Let me explain. We're a homeschooling family, and thousands of new families decide to homeschool each year. In June and July, homeschooling organizations throughout the U.S. hold conventions. And at these conventions, new homeschoolers often attend workshops called something like, "Getting Started in Homeschooling."
Makes sense, right? So at these "Getting Started" type workshops, parents are often encouraged to write a family vision statement.
There are loads of "Getting Started" advice on websites, too. Like this from Trinity Prep School:
Developing a family vision statement .... or in my case, a paragraph, requires one to reflect on core family values. What is your vision for your family? Think long term .... what legacy do you want your children to pass onto THEIR children? Choosing action verbs in stating core values, creates an overall implementation plan.And this one from Victory Coaching:
A well written family vision statement will answer life’s great questions: Why am I here (purpose)? Where am I going (vision)? How will I get there (mission)? What's important and right (values)? It is like a compass that guides your course. When referred to regularly, it helps to shape the goals you set and the decisions you make that will lead to your desired destination.And so here's why we don't have a family vision statement: I think they are silly. For us. We are not the kind of family to create "an overall implementation plan." Oh, I could think of lots of "action verbs" that state our core values: Laugh. Love. Serve. Learn. Enjoy. Climb. Read. Smile. Encourage. Embrace. Believe. Imagine. Create. Breathe.
But a written vision statement? It's just not for us. It's not that we take one day at a time necessarily. We have basic goals. We make schedules. We have dreams and hopes for our children. But somehow the formality of a written vision statement seems too cumbersome and business-like.
Still, every year about this time I wonder: should we write a family vision statement? Nah. I'll stick with my list of action verbs.
(Need a weekly writing prompt? Check out Sunday Scribbling here!)
So you don't have a formal written vision statement, big deal! :) You still have goals and convictions for homeschooling your children. I bet you have more of a vision than you give yourself credit for. And as a parent myself, I'm very impressed and applaud parents like you who devote so much time their children's education.
And I'm sure your children will develop 'visions' for their lives whether they call them that or not!
I would be very suspicious of a written Family Vision. For one thing, who writes it? Do the children have a say in what is envisioned for them? Even if they do, what of the sudden and unexpected changes in their own visions of their futures?
I have two children who were very successfully home schooled. One of them was single-minded. She is well on her way toward the career that she wished for. The other had a whole succession of intense interests which his parents encouraged him to study intensively (to a degree that made him an expert)before moving on to the next subject that caught his imagination. Never did they insist upon their vision or their family vision. He just graduated from college and is going to a job in Vietnam to pursue his own vision of teaching and of helping to heal the wounds of a war that was over before he was born.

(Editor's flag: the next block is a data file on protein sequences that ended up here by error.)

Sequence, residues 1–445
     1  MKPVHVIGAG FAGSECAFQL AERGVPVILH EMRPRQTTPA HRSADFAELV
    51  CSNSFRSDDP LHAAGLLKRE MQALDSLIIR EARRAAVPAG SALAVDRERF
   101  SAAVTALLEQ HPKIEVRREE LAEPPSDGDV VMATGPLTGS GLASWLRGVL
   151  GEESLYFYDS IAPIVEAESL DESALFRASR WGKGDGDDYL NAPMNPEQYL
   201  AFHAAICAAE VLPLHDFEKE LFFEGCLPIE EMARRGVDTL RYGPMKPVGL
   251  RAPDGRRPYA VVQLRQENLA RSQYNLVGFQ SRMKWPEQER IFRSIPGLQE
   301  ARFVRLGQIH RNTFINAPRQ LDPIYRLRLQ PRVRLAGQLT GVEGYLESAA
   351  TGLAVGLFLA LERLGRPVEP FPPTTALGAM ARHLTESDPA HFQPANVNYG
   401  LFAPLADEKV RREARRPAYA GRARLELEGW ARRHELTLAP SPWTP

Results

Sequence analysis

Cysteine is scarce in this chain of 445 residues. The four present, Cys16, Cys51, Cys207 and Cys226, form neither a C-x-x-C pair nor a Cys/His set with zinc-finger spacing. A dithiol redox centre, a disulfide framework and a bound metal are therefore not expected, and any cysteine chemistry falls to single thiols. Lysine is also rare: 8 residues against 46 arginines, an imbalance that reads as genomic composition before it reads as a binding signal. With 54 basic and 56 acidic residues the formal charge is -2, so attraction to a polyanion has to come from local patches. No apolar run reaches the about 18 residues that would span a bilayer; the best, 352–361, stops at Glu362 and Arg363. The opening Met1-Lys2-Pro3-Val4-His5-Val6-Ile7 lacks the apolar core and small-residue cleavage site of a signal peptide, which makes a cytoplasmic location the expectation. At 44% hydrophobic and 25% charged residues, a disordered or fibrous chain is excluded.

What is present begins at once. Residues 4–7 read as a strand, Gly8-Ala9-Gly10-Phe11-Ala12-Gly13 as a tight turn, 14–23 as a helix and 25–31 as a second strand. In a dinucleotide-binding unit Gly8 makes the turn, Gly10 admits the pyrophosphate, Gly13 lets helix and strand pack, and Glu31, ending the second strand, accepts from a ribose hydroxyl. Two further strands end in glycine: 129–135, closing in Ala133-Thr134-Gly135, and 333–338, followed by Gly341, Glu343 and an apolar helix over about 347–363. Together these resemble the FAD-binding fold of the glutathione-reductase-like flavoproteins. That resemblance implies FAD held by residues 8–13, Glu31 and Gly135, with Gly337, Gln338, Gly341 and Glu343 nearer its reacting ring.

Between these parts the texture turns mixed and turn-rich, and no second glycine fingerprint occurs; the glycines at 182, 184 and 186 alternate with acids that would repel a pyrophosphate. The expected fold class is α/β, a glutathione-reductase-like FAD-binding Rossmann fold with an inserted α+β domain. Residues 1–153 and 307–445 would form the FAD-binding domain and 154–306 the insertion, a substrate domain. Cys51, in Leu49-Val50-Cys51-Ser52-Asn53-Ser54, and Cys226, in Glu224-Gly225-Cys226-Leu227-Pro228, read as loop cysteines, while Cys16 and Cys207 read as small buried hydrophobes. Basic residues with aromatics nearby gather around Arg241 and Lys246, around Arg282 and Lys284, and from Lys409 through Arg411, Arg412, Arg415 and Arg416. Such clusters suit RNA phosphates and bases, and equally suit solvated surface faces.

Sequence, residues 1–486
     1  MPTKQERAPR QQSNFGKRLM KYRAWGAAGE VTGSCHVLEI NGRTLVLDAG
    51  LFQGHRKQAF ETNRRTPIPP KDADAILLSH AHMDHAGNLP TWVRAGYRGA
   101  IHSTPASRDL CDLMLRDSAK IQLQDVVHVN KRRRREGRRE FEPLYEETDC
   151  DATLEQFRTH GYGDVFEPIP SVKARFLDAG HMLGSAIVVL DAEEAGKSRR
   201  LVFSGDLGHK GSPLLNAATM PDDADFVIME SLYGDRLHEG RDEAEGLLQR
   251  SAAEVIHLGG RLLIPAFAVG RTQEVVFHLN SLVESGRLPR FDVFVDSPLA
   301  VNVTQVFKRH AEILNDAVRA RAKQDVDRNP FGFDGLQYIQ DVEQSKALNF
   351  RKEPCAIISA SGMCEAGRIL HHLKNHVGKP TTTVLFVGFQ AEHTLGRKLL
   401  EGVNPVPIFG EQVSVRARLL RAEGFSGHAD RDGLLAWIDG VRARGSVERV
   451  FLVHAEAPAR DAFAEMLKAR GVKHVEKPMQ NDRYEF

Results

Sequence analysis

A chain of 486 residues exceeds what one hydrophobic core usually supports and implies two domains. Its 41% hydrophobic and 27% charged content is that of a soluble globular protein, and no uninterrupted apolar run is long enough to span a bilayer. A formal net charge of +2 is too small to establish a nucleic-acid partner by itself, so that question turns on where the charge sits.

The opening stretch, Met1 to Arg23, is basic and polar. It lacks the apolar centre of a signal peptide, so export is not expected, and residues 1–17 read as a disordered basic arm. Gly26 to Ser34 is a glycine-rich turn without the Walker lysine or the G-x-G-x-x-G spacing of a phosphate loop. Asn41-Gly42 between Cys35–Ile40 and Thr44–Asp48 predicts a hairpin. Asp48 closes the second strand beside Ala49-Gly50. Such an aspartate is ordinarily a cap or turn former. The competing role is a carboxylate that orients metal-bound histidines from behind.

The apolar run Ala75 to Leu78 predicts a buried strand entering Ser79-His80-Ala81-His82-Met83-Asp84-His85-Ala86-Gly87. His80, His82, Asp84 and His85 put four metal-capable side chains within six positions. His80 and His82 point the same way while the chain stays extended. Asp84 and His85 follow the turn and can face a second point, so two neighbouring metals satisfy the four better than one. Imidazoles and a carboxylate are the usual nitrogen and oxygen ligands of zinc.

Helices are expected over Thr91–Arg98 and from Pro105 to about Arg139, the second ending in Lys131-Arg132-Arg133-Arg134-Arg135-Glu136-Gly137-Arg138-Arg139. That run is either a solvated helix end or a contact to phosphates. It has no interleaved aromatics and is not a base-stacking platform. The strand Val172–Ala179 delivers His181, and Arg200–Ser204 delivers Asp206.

Your action words are ones that I'm sure his parents could have written down but which they taught by example. They would have added one more. Make music!
Sometimes the written plan is a substitute for day by day planning. Maybe some people need it. I know my end and aim: the lesson plans fall into place... but maybe it would help my children to see where I am going. I tend to assume they know things that I know. Ah well. Those days are over for me now, but I, having been homeschooled for a few years myself, think you are doing a great thing.
What fun would it be to answer life's great questions? Who says you can anyway? The questions that Victory Coaching say should be answered are really Essential Questions and Guiding Questions. The Essential Questions should make you think, but not necessarily require an answer. The answer is different for everyone. For example: What is happiness? How can you include that in a mission statement?
I say...if you are homeschooling, you are probably trying to avoid some of the pitfalls of public education. One of which is the pressure schools have had to create a mission statement to post in every classroom. Unless it is a one sentence statement, I doubt anyone in any school can tell you theirs.
Go....be free...forget the mission statement...forget NCLB and hopefully you and your children will enjoy learning together. :-)
Just my 2cents.
i think of vision statements as goals in disguise, and a well written goal needs to be measurable and achievable, blah-blah-blah!!! --- as i've grown older i see the folly in elaborate and cumbersome long term goal setting - i believe they can just set people up for failure, and who needs that??? --- having been raised to be goal oriented myself i feel i have the ability to say it stinks --- not only can it set one up for failure, it can make for a multitude of missed opportunities and memories in the life journey --- i'd say if your family has enough vision for home schooling, well then that's enough vision right there - hooray for you!!!
You don't need a vision statement to have a vision.
As another homeschooling mom, I would much rather spend my time reading books with my daughter or helping her understand the quadratic formula, or maybe even doing a load of was, than trying to develop a Vision Statement that could never adequately reflect what our family is about. Your post perfectly expresses all my gripes about the highly overrated (to my mind) Vision Thing.
make that: a load of wash...
Post a Comment